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Fermilab CD logo Complete Guide and Reference Manual for UPS and UPD

Chapter Contents

Chapter 36: Table Files
  36.1 About Table Files
  36.2 When Do You Need to Provide a Table File?
  36.3 Recommendations for Creating Table Files
  36.4 Table File Structure and Contents
    36.4.1 Basic Structure
    36.4.2 Grouping Information
    36.4.3 The Order of Elements
  36.5 Product Dependencies
    36.5.1 Defining Dependencies
    36.5.2 Product Dependency Conflicts
  36.6 Keywords that can be Used in Table Files
  36.7 Table File Examples
    36.7.1 Example Illustrating Use of FLAVOR=ANY
    36.7.2 Example Showing Grouping
    36.7.3 Example with User-Defined Keywords
    36.7.4 Examples Illustrating ExeActionOpt Function
    36.7.5 Examples Illustrating Failure Return Codes


Chapter 36: Table Files


This chapter describes table files. Table files contain product-specific, installation-independent information. Most, but not all, products require a table file. UPS product developers are responsible for providing the table files associated with their products.

36.1 About Table Files

Table files are created and maintained by product developers. Table files contain the non-system-specific and non-shell-specific information that UPS uses for installing, initializing, and otherwise operating on product instances. For a given product, usually a single table file suffices for several instances, especially of a single version. Sometimes each instance has a separate table file. Table file names are arbitrary; we present recommendations in section 36.3 Recommendations for Creating Table Files.

Typically, when a UPS command is issued, UPS finds the table location from the command line or the version file (see section 29.4 Determination of ups Directory and Table File Locations). The command completes its internal processes, and then within the table file, it proceeds to:

  1. locate the stanza that matches the specified product instance
  2. find an ACTION keyword value that corresponds to the command, if any (see Chapter 34: Actions and ACTION Keyword Values)
  3. execute the functions listed underneath the corresponding ACTION keyword, if any (see Chapter 35: Functions used in Actions), or
  4. reverse the functions listed underneath the ACTION corresponding to the "uncommand" (see section 34.2.2 "Uncommands" as Actions)

36.2 When Do You Need to Provide a Table File?

Not all products require a table file. In particular, if no processing besides the internals and defaults needs to be done for any UPS command run on a particular product, and if its ups directory and documentation reside in the default areas, then the product doesn't need a table file. However, for products that do need a table file (most), at least a rudimentary table file must be in place before any instance is declared to a target UPS database. If it's not added right away, users may see incorrect behavior before it is there.

36.3 Recommendations for Creating Table Files

36.4 Table File Structure and Contents

36.4.1 Basic Structure

The file starts with a header that identifies the file type and the product:

File=Table 
Product=<product> 

The basic structure of table file contents consists of an instance identifier followed by one or more actions (described in Chapter 34: Actions and ACTION Keyword Values). By the time UPS accesses the table file, it has already determined the database, product name and product version. Therefore FLAVOR and QUALIFIERS together are sufficient to identify the instance.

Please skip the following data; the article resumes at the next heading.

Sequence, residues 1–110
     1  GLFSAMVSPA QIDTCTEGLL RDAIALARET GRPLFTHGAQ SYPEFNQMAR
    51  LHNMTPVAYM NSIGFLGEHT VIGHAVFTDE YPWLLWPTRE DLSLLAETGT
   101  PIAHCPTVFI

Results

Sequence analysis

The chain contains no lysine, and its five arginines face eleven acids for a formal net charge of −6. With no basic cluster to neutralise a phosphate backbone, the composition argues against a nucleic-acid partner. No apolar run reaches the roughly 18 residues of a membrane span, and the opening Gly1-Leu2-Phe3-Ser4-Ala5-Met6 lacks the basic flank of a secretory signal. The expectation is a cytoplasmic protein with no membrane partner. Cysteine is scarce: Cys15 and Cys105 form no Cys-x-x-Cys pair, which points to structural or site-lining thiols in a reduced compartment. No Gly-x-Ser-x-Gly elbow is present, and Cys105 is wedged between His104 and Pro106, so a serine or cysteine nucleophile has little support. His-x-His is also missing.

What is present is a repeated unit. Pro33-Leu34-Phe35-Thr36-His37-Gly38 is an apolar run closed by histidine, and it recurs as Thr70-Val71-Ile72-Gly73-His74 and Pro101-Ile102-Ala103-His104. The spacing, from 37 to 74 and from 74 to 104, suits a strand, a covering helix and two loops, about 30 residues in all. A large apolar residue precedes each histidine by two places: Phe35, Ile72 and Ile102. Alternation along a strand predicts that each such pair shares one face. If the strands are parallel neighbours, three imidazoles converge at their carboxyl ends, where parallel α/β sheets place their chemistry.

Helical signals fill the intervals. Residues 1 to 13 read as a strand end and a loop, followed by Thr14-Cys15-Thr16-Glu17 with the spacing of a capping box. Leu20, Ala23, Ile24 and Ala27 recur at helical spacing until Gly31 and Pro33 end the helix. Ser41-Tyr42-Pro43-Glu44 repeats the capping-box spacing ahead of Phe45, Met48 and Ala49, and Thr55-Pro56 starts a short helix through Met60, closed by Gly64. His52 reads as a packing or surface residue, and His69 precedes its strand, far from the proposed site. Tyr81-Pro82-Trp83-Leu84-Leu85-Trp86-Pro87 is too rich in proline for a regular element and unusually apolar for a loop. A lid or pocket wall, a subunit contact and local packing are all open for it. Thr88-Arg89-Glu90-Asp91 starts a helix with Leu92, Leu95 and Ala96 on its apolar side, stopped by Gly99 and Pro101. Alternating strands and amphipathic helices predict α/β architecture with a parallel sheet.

Here is a sample table file that illustrates the basic structure:

File=Table 
Product=exmh 
 
FLAVOR=SunOS+5 
QUALIFIERS="" 
 
   ACTION=SETUP 
      setupRequired(expect) 
      setupRequired(mh) 
      ... 
   ACTION=UNSETUP 
      ... 

User-defined keywords, described in section 28.2 Keywords: Information Storage Format, can also be included after an instance identifier for use within actions.

36.4.2 Grouping Information

When a single table file represents multiple instances, a grouping structure can be superimposed on this basic structure to organize the information. To avoid having to repeat identical actions for a series of FLAVOR/QUALIFIER identifiers, the keyword FLAVOR can take the value ANY in table files. FLAVOR=ANY is taken as a best match, assuming all other instance identifiers match (see Chapter 27: Product Instance Matching in UPS/UPD Commands for more information on instance selection).

Grouping information within table files is supported via the use of the following three markers:

GROUP:

Groups together multiple flavor/qualifier pairs. All entries subsequent to GROUP: are part of this group until an END: marker is found.

COMMON:

Groups together actions that apply to all instances represented in GROUP:. COMMON: is only valid within a GROUP:.

END:

Marks the end of a GROUP: or COMMON:. One END: marker is used to jointly end a GROUP: and an included COMMON:.

UPS does not require grouping in table files; these markers are available for convenience and for organizing information clearly. However, if GROUP: or COMMON: is used, END: must appear at the end of it, even if that is the very end of the file.

36.4.3 The Order of Elements

Blank lines are ignored, and therefore can be placed anywhere.

36.5 Product Dependencies

Typically users want to setup the default current version of a product. In some projects, the only thing that needs to be specified is the product name. In other projects, each setup command must have a qualifier to ensure that the exact version and qualifiers are requested. The reason is that a default qualifier might change in a poorly documented fashion, making it difficult to reproduce results.

For example, to setup an instance of art, the command is:

% setup -B art v1_08_09 -q+e4:+mu2e:+prof